The challenge of chip integration has been generally discussed in this blog
before, but I’m going to delve into a more detailed look at one of the specific issues—that of duplicate name resolution during a file merge.
Layout merging is a routine practice in chip design. For example, foundries or intellectual property (IP) designers often send updated cell libraries, with which the design team may have to selectively update cells in layouts currently in the design process. A design team may decide to add an external IP block, which must be incorporated into the existing design layout. Or, a design team may develop blocks for a chip in parallel with the full chip design, requiring modifications to either the block or the full chip as changes are made.
Any time designers must merge layout files, cells from different layout files may have the same name. The choice of how to process these duplicate names depends on the situation. For example, if designers are updating library cells to a new version, they might want to replace only the cells in the library files, and keep the rest of chip intact.
Figure 1 illustrates a common chip integration scenario. The design team receives a file with a few updated IP cells that must be updated in the fullchip layout. The name conflict conditions (which the design team may not be immediately aware of) are:
- Cell F and Cell G in the fullchip layout are currently empty references as placeholders, and must be updated with the actual Cell F and Cell G in the IP library.
- The design team previously updated Cell E in the layout to the latest IP version. No update is needed.
- Cell C used in the IP Cell G has the same name as Block C in the current fullchip layout. The name conflict must be resolved correctly.
Figure 1. Updated IP library files must be merged into an existing design layout.
The chip finishing engineers must open the layout and examine the incoming IP library file to find these pre-existing conditions and conflicts. In traditional manual processing, after these conditions are identified, the designers perform pre-processing fixes before and additional post-processing after the merge, to ensure that every name conflict is handled correctly. Pre-processing the layout files to rename the conflicting cells is the best way to avoid conflicts, while after the merge, post-processing is necessary to clean up the output. Pre- and post-processing are also used to perform several useful functions that the merging process itself cannot do, as shown in Figure 2. However, the manual processing approach requires both coding skill and extra runtime, and is subject to the usual potential for human error or carelessness.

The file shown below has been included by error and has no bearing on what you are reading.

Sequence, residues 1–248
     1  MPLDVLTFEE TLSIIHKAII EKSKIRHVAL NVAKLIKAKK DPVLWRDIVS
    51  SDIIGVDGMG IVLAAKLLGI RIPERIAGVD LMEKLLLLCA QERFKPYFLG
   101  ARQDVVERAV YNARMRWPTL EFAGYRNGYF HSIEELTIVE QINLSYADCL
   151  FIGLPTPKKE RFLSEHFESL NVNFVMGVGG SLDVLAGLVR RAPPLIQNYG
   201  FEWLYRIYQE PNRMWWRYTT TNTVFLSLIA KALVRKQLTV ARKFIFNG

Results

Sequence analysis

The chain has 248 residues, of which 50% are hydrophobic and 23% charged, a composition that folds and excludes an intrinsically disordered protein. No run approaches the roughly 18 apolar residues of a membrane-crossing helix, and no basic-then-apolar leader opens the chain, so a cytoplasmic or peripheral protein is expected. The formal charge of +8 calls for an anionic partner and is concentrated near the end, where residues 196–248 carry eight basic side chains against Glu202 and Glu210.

Figure 2. Manual pre- and post-processing can be time-consuming, and requires coding skills and experience to execute properly.
Now, EDA vendors have developed new automated file merging capabilities that enable designers to more easily and accurately address name conflicts. With a chip finishing tool such as Calibre DESIGNrev, users can automatically process multiple complicated merging scenarios in one pass, while ensuring that all duplicate names are correctly resolved. These file merging techniques replace complicated manual pre- and post-processing workarounds, and reduce time to market while improving the quality of the end product.
However, even within these automated file merge processes, options exist for the design team to control and customize the file merge process as needed. For example, a designer using the Calibre DESIGNrev filemerge process can apply multiple conditional actions (merge modes) to resolve name conflicts in a complicated merging scene, all within one pass:
- rename/overwrite/append/force_rename perform traditional blind operations on all cells with a naming conflict
- preserve retains certain cells from a certain file unchanged, regardless of which merge modes are selected
- smartdiff compares contents and properties of cells with the same name